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Last week we saw how short selling shares is a dangerous game after stock in the heavily shorted baby formula business Bellamyâââہ¡Ãƒâ€šÃ‚¬ÃƒÆ’¢Ã¢Ã¢â€š¬Ã…¾Ãƒâ€šÃ‚¢s Australia Ltd (ASX: BAL) rose 55% in a day on the back of a takeover bid. Almost every short in that stock will be nursing heavy losses now with little option other than to close the position or pray that the takeover offer fails to go ahead for one reason or another.

 

So while shorts can be spectacularly wrong, itâââہ¡Ãƒâ€šÃ‚¬ÃƒÆ’¢Ã¢Ã¢â€š¬Ã…¾Ãƒâ€šÃ‚¢s still worth taking a look at what businesses many market participants are confident will fall in value. Below are four heavily shorted businesses. All data accurate as at September 17 according to ASIC.

 

Blackmores Limited (ASX: BKL) is the vitamins manufacturer and retailer that has 9.7% of its scrip shorted. Sales into China have slowed down over the first half of calendar 2019 and short sellers may be betting this is a structural issue. The stock is also arguably on a high valuation given itâââہ¡Ãƒâ€šÃ‚¬ÃƒÆ’¢Ã¢Ã¢â€š¬Ã…¾Ãƒâ€šÃ‚¢s struggling to deliver consistent profit growth.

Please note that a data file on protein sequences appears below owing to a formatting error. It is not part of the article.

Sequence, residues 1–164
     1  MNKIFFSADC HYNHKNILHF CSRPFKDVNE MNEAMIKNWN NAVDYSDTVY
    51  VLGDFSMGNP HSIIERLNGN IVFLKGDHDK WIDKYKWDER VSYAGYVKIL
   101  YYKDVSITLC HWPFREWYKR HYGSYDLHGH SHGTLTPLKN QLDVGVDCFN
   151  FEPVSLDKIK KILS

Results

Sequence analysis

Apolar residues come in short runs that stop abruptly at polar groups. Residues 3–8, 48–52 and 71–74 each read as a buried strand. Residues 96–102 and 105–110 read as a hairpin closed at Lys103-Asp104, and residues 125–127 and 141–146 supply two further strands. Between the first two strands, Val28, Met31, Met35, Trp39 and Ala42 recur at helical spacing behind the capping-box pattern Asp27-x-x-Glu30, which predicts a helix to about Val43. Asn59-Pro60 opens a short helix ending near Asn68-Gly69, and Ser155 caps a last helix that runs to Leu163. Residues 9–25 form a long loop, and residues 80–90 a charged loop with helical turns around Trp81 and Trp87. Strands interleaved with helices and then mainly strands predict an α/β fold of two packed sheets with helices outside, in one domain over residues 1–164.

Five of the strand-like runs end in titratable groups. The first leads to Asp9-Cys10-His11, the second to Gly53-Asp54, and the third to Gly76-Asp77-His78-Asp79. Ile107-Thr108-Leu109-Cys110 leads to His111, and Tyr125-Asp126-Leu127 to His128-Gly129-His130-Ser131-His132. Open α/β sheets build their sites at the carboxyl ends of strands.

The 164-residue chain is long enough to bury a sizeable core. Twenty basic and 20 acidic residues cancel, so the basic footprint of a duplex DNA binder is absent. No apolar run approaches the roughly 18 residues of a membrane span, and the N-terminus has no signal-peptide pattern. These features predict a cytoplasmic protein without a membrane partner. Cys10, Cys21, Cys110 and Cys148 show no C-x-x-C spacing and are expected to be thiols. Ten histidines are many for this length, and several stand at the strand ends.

Collection House Limited (ASX: CLH) is the purchased debt ledger collection business with 7.7% of its shares shorted. It has a mixed track as a public business and recently invested $8.5 million in âââہ¡Ãƒâ€šÃ‚¬ÃƒÆ’…âہ“neo-bankâââہ¡Ãƒâ€šÃ‚¬ÃƒÆ’‚ Volt Bank under its ebullient new CEO. Short sellers seem unconvinced though.

 

Dominoâââہ¡Ãƒâ€šÃ‚¬ÃƒÆ’¢Ã¢Ã¢â€š¬Ã…¾Ãƒâ€šÃ‚¢s Pizza Enterprises Ltd (ASX: DMP) is the pizza franchisor that recently abandoned 12 month profit guidance in favour of more general long term targets over same-store sales growth and new store openings. Short sellers are sceptical with 10.1% of the scrip shorted.